Modern History
Cod: 31041
Department: DCSG
Scientific area: History
Total working hours: 156
Total contact time: 15

After a propedeutic introduction to the Middle-Ages, this curricular unit focuses three themes:
 1. From the 16th century crisis to European Expansion - we approach European evolution at different levels (demographic, economical, political and social), namely those involving the expansion. We observe the social, political and cultural impact of the Renaissance, and the religious Reform and Counter-Reform;
2. On the 17th century - we analyze the demographical, economical and social changes that take place in Classical Europe, namely in its political systems, and we ponder on the building of a scientific sensibility, on the different military conflicts and on the changes in the extra-European world;
3.18th century, new horizons - we contextualize the economical changes during the Enlightenment, namely the Industrial Revolution and the emerging political models. We analyze international conflicts and American and French revolutions, and the new European reality.

Early Modern History

This curricular unit focuses on three temporal segments (1st – 14-15th centuries; 2nd - 17th century; 3rd - 18th century) with the following objectives:
- To understand European demographic, economical and social changes during that timeline;
- To identify the main political frames that emerge in these times of change;
- To explain the sucessive changes, namely cultural and technical and scientific, that take place in the “different Europes” during these three centuries;
- To analyze the timeline of tendences of evolution and ruptures;
- To problematize facts and historical frames.

1. From the 16th century crisis to European Expansion:
1.1. the Europe(14th-16th centuries: demographic, economic and social changes;
1.2. The European policy framework: political structures and international relation;
1.3. The Renaissance: Cultural changes;
1.4. Dynamics of European expansion
1.5. The Reform and the Counter-Reformation: brief overview
2. On the 17th century:
2.1. In Classical Europe: demographic, economic and social changes;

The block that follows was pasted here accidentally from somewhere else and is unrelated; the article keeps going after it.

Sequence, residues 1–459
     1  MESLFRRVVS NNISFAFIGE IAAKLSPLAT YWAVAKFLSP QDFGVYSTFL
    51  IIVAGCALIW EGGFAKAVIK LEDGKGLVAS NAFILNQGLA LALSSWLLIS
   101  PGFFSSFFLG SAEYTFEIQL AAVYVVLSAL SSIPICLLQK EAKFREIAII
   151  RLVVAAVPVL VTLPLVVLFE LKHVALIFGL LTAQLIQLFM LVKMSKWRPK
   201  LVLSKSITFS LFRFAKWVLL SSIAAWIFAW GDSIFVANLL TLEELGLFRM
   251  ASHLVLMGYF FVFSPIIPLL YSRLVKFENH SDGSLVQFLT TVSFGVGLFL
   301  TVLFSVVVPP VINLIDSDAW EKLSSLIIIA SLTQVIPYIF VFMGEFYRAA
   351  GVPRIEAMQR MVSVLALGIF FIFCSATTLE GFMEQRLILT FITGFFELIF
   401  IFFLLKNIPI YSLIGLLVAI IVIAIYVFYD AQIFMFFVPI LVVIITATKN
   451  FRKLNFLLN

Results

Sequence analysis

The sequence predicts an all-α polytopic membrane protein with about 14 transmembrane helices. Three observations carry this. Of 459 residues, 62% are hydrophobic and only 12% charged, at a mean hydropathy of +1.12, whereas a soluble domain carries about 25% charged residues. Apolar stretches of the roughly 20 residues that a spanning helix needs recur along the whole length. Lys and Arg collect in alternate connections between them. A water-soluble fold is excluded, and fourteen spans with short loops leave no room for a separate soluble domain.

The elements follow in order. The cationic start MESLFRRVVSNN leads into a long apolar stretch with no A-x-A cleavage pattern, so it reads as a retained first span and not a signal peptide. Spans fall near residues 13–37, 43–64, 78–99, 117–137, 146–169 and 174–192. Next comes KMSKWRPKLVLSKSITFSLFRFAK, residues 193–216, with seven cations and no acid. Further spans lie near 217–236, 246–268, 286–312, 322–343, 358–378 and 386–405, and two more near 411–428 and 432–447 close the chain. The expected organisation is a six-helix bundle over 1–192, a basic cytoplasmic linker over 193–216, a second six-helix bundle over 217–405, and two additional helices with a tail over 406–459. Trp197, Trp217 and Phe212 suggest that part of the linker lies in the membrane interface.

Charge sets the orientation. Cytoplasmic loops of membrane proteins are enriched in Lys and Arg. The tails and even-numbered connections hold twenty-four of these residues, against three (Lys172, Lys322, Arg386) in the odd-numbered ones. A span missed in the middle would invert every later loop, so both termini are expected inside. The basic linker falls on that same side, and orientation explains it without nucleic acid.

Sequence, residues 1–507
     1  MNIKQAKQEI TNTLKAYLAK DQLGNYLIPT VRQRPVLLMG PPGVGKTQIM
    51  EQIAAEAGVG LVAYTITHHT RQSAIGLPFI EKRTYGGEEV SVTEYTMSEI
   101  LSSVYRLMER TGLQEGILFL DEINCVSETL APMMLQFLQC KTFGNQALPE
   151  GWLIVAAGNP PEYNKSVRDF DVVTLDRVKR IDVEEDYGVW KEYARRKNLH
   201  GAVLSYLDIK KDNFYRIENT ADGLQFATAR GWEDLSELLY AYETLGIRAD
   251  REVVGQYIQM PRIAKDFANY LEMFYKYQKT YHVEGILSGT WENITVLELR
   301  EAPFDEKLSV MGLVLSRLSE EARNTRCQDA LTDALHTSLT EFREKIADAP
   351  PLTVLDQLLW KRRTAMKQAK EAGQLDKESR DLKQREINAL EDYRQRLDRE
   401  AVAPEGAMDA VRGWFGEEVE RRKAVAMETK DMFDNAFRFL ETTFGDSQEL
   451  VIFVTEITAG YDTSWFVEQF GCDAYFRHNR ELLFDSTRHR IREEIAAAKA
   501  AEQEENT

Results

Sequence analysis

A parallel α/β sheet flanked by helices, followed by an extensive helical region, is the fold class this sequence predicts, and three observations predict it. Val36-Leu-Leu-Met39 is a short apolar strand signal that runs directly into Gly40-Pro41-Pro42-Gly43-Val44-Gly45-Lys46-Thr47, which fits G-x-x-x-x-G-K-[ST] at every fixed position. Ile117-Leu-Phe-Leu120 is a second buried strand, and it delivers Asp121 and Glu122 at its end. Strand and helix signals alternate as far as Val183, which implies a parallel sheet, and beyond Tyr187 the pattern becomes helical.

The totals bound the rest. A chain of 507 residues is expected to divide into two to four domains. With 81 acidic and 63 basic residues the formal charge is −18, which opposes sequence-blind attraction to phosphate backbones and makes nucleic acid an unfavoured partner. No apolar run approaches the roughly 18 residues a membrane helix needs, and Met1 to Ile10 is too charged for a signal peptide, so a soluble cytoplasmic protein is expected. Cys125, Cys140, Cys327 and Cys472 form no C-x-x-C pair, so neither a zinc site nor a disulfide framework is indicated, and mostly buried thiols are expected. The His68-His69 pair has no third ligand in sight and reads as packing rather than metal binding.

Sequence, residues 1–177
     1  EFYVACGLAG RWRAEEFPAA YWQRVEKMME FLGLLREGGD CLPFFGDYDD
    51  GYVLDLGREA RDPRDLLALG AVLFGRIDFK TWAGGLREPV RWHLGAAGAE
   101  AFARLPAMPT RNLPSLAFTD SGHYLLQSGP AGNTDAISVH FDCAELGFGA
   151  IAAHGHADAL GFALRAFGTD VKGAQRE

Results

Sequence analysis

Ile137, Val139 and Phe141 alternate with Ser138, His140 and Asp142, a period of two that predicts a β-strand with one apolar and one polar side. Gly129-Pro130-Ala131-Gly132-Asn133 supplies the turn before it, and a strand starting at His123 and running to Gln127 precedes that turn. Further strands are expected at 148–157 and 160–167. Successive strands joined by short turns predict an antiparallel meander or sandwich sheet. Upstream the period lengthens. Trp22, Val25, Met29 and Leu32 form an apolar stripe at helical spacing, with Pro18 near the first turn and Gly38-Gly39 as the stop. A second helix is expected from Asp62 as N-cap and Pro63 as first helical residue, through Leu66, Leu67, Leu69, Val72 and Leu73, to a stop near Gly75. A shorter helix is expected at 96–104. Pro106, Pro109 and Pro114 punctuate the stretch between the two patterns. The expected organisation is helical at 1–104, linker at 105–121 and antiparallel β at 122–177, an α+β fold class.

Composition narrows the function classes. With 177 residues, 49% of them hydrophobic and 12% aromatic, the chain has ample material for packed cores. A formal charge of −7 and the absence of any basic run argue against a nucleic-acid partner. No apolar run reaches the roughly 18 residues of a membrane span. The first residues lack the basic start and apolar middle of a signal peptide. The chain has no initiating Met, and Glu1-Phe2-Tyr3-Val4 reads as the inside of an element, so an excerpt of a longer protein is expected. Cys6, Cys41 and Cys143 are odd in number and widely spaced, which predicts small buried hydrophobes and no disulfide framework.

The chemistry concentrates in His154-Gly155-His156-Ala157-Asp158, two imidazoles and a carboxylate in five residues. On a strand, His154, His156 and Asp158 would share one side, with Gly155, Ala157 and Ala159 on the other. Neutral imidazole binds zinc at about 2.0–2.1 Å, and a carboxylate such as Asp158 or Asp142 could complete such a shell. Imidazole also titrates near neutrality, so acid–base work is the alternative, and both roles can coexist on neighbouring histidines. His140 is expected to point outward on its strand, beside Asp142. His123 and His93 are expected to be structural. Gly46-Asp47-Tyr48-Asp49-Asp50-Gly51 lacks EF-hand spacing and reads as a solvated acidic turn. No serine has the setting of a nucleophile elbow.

2.2. Exercises of power: the wars and the claims of the states;
2.3. Cultural changes: the scientific spirit and the non-European world
3.  The18th century- new horizons:
3.1. The economic and social changes: the new frameworks and  the industrial revolution;
3.2. The 18th century political frameworks and international conflicts;
3.3 American and French revolutions- Brief overview
3.4. Rebalances of European political states;
3.5. The cultural evolutions and the changes in European daily lives.

-Avelar, Ana Paula, Representações de um Mundo Novo no Portugal de Quinhentos, Chamusca, Edições Cosmos, 2011.
-Chaunu, Pierre, A civilização da Europa Clássica I, Lisboa, Editorial Estampa, 1993.
-Chaunu, Pierre, A Civilização da Europa Clássica II, Lisboa, Editorial Estampa,1993
- Chaunu, Pierre, A Civilização da Europa das Luzes I, Lisboa, Editorial Estampa, 1995
-Chaunu, Pierre, A Civilização da Europa das Luzes II, Lisboa, Editorial Estampa, 1995
-Delumeau, Jean , A civilização do Renascimento I, Lisboa, Editorial Estampa, 1994
Elias, Norbert, A sociedade de corte, Lisboa, Editorial Estampa, 1995
- Furet, François, Ensaio sobre A Revolução Francesa, Lisboa, A Regra do Jogo, 1978
-Mauro, Fréderic, A Expansão Europeia, Lisboa, Editorial Estampa, 1995
Vovelle, Michel, Breve história da Revolução Francesa, Lisboa, Editorial Presença, 1994.


Continuous assessment is privileged: 2 or 3 digital written documents (e-folios) during the semester (40%) and a presence-based final exam (p-folio) in the end of the semester (60%). In due time, students can alternatively choose to perform one final presence-based exam (100%).